JavaScript Fu: Event Observer Delegation

In JavaScript, events (clicks, focus, change, etc.) are all said to “bubble”, as in bubble up. If you click on a link, that click is felt first on the link, but then ripples outward like a stone in a pond, hitting the parent P of that link, then the div that contains it, and so on, up to the document.

If you want to have one particular link trigger some effect, you might set an observer on it:

$('your_link_id').observe('click',function(evt){ do_something(); });

Which is fine for one or three, but gets hugely old after a short while, especially if you’re changing things later.

Back to the bubble, then. Using the bubbling effect, you can set a single observer on the page or another high-level container object, and get the effect of individual observers on each and every child in that container for free. And you can use class names to add behavior to elements, so you could have multiple effects fire within a single function. Best of all, this technique is very lazy. Lazy in that you don’t have to wire up a lot of different observers, but also lazy in that it doesn’t do much of anything until a click happens. There’s very little wasted effort until the user actually tries to do something, and then only the path that is taken gets activated. It’s very kind to low-memory browsers like the iPhone.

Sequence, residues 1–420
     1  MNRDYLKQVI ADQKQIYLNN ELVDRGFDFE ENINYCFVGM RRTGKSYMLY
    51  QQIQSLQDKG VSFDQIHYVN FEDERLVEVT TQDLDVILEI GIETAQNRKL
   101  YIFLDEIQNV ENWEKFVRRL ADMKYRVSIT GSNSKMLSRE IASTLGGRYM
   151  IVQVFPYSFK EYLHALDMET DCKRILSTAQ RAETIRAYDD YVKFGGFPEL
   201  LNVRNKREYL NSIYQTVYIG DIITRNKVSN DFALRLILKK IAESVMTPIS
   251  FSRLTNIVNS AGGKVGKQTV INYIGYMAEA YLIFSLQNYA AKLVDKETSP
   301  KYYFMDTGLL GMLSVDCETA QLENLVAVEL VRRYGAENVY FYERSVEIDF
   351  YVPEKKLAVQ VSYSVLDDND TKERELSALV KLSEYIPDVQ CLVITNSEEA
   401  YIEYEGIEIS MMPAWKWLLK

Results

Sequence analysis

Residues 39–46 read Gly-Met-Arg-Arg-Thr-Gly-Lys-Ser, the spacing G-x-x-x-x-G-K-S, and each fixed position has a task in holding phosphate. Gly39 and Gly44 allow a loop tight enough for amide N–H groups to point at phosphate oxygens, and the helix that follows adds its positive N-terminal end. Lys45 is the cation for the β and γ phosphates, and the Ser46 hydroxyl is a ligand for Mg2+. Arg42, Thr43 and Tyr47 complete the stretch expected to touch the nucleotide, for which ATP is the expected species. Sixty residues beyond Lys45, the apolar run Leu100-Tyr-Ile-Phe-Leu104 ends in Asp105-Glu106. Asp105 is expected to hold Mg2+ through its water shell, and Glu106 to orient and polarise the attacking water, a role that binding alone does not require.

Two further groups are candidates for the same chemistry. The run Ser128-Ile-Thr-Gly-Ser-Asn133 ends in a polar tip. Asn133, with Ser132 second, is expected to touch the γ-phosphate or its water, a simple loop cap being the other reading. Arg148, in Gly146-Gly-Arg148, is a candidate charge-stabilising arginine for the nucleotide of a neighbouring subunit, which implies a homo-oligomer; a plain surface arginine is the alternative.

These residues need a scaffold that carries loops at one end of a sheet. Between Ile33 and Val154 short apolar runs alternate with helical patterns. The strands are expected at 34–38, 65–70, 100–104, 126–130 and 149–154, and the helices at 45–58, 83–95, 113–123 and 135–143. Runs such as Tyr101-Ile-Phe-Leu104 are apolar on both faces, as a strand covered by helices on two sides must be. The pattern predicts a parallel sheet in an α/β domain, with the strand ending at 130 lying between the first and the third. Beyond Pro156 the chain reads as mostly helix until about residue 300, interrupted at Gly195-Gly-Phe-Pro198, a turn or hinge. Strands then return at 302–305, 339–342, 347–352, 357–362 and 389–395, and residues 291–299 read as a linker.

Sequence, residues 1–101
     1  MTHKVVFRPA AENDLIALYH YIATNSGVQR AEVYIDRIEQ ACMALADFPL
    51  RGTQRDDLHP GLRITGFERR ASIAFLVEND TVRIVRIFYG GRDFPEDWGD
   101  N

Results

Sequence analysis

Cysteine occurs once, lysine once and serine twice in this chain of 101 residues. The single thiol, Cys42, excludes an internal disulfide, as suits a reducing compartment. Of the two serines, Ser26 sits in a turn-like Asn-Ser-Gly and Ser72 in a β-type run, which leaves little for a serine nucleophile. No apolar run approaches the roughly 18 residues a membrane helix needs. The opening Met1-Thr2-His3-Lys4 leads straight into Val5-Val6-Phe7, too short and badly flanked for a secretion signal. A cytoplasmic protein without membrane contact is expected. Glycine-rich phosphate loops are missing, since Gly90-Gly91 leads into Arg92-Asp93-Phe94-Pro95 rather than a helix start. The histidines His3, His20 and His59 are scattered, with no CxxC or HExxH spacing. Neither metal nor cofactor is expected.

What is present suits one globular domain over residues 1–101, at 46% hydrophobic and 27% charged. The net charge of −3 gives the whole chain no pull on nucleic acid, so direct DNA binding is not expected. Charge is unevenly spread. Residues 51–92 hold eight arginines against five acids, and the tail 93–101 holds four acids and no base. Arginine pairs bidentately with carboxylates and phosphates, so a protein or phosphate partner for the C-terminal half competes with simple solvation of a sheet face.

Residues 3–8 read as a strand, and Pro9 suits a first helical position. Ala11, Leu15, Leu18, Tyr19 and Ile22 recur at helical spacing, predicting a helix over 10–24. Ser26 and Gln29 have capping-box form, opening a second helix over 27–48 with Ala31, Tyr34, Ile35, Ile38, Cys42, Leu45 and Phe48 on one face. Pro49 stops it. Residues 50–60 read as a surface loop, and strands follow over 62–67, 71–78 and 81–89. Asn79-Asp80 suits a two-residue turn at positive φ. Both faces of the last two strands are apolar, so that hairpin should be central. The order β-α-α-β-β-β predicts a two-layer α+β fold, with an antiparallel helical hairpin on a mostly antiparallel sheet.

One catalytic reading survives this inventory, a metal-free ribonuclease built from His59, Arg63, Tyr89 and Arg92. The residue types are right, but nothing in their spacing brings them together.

Here’s a snip from the phone numbers trick I was expounding on earlier:

//first, we set all this inside a document observer
	//if the container is there
		//define an anonymous function
		var fx = function(evt){
			//this is the heart of the trick: element() determines
			//which object first received the event
			var elm = evt.element();
			//now we just test to see if it's the one we want
					if(elm.previous('input').getValue() == ''){
						//if there's no content, just hide 
						//and return instead of saving for undo
						return elm.hide();
					elm.src = 'Resources/icns/arrow_undo.png';
					elm.src = 'Resources/icns/delete.png';
		//the end of the function, now we set it to observe a click

This function defines a reusable behavior that is triggered when a click is registered on the outer container, and the click is determined to have originated on an object with the class name remove_phone. We don’t have to know how many phone numbers are inside that container beforehand; in fact, we can add new ones on the fly without defining a new listener for each one as it’s created, or removing a listener when its parent object is destroyed.

Let the bubbles go to your head!


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